1 July 2022 / 0 min read
The USMCA went into effect on July 1, 2020, two years ago today. The USMCA replaced NAFTA (North American Free Trade Agreement), and like NAFTA, promoted easier trade and economic growth by implementing duty-free trade between the three signatory countries. However, the USMCA introduced new rules when replacing NAFTA and implemented enforcement procedures. NAFTA was enacted in 1994, and by 2020, adjustments were needed.
Keep reading to learn the following:
The USMCA made the agricultural market more accessible between the U.S. and Canada. The intent was to create new market access opportunities for the U.S. exports to Canada of dairy, poultry, and eggs, and in exchange, the U.S. provides new access to dairy, a limited amount of sugar and sugar-containing products, peanuts, and processed peanut products for Canada.
The USMCA increased market access for the following American products:
The U.S. agreed to reciprocate on a ton-for-ton basis for imports of Canadian dairy products. Additionally, Canada is taking measures to control its surplus of skim milk products in foreign markets. This expansion of the agricultural market also applies to poultry and egg products.
While negotiating the agreement, Canada agreed that milk and products used to produce milk alternatives would not be priced lower than a level based on the United States price for nonfat dry milk in order to level the playing field. Canada also agreed to provide a new exclusive tariff-rate quota for the U.S. However, there’s trouble in paradise.
In May 2022 the U.S. challenged Canada’s devotion to the agreement. Canada has not upheld its dairy tariff-rate quota allocation measures, nor its promise to fully allocate its annual dairy tariff-rate quotas. U.S. Ambassador, Katherine Tai said, “We communicated clearly to Canada that its new policies are not consistent with the USMCA and prevent U.S. workers, producers, farmers, and exporters from getting the full benefit of the market access that Canada committed to under the USMCA.” Government officials are working to resolve the dispute.
Notwithstanding this hiccup, the USMCA has opened agricultural trade between Canada and the U.S. in a way unprecedented under NAFTA.
The USMCA implemented more meticulous Rules of Origin (ROO) and stipulations for the Certificate of Origin (COO) to combat the rampant fraud committed by those taking advantage of duty-free privileges in the past. The ROO is used to determine whether a good qualifies as an “originating good” under the USMCA. An originating good or originating material means a good or material that came from one or a combination of the three participating countries.
Qualifying for duty-free treatment under the USMCA is easier than under NAFTA for some products but more rigorous for others. It is important to clearly identify where products are made. Origin labeling is generally as simple as adding “Made in [insert country]” on the product and its packaging.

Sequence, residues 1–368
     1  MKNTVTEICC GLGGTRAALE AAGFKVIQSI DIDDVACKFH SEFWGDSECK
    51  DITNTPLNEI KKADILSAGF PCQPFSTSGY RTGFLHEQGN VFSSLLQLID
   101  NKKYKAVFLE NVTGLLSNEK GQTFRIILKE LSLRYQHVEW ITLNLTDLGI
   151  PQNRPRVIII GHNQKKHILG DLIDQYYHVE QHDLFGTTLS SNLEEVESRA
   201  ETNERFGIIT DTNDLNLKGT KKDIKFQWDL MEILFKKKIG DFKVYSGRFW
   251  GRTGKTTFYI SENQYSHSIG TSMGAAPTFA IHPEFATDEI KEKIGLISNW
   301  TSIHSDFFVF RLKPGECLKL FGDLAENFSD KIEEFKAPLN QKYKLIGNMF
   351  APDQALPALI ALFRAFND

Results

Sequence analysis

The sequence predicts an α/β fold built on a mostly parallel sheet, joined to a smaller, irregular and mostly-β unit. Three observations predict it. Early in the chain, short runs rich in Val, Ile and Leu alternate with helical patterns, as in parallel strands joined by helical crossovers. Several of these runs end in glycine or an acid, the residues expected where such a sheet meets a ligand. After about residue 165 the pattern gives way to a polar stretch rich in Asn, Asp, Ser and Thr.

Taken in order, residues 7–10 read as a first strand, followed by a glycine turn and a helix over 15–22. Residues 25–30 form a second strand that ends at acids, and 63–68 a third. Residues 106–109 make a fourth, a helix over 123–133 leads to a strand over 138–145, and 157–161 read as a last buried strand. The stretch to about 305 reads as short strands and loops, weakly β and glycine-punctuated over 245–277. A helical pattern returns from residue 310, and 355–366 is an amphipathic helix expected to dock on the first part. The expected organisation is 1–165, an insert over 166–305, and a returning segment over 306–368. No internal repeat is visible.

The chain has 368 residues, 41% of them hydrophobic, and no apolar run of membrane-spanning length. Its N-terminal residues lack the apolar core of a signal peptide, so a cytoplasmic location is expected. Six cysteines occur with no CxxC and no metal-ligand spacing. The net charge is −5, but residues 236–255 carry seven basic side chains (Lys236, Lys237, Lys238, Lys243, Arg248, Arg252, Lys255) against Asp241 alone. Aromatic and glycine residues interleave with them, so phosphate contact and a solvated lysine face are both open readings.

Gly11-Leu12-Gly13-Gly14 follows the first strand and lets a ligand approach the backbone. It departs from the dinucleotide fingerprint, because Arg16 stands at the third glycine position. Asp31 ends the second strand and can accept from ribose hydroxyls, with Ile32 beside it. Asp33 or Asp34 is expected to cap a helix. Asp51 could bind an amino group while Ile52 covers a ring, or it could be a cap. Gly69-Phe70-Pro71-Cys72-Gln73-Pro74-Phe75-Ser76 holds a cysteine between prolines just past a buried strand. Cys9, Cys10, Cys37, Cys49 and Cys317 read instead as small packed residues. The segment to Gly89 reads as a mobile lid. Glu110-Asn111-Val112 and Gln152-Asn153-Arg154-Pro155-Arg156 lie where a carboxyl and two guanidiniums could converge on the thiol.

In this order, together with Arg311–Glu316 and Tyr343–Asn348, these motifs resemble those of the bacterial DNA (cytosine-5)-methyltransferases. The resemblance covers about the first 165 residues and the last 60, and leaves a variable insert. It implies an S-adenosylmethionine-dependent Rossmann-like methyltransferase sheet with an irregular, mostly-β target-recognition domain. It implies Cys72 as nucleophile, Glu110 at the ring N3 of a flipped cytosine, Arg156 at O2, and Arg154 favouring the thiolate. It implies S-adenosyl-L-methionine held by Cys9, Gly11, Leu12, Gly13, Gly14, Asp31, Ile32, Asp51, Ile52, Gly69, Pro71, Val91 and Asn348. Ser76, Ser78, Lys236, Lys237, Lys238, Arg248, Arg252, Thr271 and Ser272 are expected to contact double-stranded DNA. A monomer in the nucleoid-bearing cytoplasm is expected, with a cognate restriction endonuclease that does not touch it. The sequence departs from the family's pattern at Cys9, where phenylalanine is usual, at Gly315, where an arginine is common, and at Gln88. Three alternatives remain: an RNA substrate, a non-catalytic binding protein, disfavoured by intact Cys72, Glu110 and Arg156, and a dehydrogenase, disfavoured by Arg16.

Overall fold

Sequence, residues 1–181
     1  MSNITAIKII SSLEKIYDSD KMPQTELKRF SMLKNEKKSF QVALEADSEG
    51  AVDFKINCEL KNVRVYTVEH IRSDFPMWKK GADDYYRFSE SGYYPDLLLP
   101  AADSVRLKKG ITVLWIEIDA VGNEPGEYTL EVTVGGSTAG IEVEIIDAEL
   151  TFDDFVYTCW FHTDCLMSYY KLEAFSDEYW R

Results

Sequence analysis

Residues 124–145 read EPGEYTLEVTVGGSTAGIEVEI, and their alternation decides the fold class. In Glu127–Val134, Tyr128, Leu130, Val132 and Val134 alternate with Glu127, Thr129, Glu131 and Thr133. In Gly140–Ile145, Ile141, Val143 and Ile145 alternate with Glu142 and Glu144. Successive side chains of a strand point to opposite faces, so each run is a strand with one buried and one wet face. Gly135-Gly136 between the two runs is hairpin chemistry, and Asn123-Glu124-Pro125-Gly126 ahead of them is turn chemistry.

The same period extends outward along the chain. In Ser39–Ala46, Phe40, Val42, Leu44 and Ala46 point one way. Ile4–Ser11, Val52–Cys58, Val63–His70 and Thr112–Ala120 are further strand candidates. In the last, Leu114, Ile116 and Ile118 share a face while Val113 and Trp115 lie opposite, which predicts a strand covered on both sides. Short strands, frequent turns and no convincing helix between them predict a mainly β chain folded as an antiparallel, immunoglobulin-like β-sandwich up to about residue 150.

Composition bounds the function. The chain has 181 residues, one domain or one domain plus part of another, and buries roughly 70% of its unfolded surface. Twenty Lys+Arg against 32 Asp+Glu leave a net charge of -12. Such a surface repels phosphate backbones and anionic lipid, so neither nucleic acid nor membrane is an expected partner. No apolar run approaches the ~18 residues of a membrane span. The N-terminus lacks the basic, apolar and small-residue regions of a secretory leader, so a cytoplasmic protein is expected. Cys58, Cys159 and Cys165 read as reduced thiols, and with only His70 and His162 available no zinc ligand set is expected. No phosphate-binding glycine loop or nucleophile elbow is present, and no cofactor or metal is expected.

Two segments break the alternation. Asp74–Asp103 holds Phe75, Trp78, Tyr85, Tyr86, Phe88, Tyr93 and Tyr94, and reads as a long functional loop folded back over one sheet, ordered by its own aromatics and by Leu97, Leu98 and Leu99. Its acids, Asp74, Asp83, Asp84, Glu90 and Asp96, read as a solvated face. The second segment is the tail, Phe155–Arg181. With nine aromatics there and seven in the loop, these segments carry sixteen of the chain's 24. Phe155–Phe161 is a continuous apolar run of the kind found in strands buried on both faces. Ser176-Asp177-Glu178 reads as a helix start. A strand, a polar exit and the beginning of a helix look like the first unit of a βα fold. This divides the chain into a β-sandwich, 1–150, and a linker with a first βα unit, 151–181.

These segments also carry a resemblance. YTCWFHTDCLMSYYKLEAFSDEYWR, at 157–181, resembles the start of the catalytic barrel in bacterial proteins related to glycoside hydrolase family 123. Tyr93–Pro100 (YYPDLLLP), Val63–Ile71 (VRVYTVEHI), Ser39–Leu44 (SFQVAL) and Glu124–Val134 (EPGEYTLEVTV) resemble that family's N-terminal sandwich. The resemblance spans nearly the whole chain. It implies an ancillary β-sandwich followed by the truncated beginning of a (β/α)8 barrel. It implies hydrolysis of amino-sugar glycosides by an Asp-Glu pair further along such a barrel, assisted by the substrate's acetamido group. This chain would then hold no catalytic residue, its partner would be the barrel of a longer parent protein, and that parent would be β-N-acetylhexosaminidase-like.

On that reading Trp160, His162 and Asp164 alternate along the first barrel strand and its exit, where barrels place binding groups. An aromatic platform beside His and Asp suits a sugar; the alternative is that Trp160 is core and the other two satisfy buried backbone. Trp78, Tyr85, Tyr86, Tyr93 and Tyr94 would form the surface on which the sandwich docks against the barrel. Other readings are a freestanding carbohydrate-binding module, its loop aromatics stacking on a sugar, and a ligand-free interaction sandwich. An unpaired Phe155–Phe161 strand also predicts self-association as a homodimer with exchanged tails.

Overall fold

The ROO takes into account where the product was grown, assembled, or obtained. Only items that meet the ROO will be considered for preferential treatment. If you are involved in obtaining, producing, and/or manufacturing a good being shipped to and from the U.S., Mexico, and/or Canada, then you need to be aware of the ROO. For the full ruling please see the Office of the United States Trade Representative’s chapter concerning Rules of Origin. The ROO most notably impacts agriculture, prescription, and non-prescription drugs, wool and fur products, textiles and apparel, as well as automobiles. The ROO will require more particular labeling and information for these products to determine their origin.
The preferential and duty-free treatment produces a lot of financial benefits, so fraud is an unfortunate side effect. Fraudulent shippers attempt and often succeed in claiming counterfeit ROO/COO benefits. The USMCA has undergone modifications to terminate the days of unwarranted preferential treatment by incorporating:
These are the overarching modifications, but there are more specifics concerning these changes. It is vital that these rules and regulations are easy to enforce and monitor; otherwise, all these changes are for naught.
The U.S. has been adamant about the inclusion of commitments to combat corruption in international trade into its free trade agreements (FTAs) by implementing chapters on transparency and anticorruption into agreements. The USMCA declared its intention to counter and combat corruption amid international trade.
The U.S. Customs and Border Patrol (CBP) will assess fines and penalties if they determine USMCA compliance issues. If the CBP determines one’s claims of USMCA eligibility are invalid, then this could lead to significant duty charges and possible financial penalties to whoever produces false or unsupported claims. To lower the possibility of invalid USMCA certifications and claims, companies should confirm they possess the essential qualifications for their goods to receive the USMCA’s preferential and duty-free treatment.
The USMCA will remain in place until 2036 but will be re-evaluated in six years. The USMCA intends to continue improving economies, and the agreement will stand as the new model for all future U.S. trade deals. The USMCA aids in eliminating fraud, providing freer trade, and promoting economic growth for all.
I discovered my love for writing when I was just 13. I’m fulfilling my passion for writing at Zonos and expanding my professional and creative writing career amongst the cross-border ecommerce community. I’m working to teach readers in an enticing and educational way about the ecommerce world.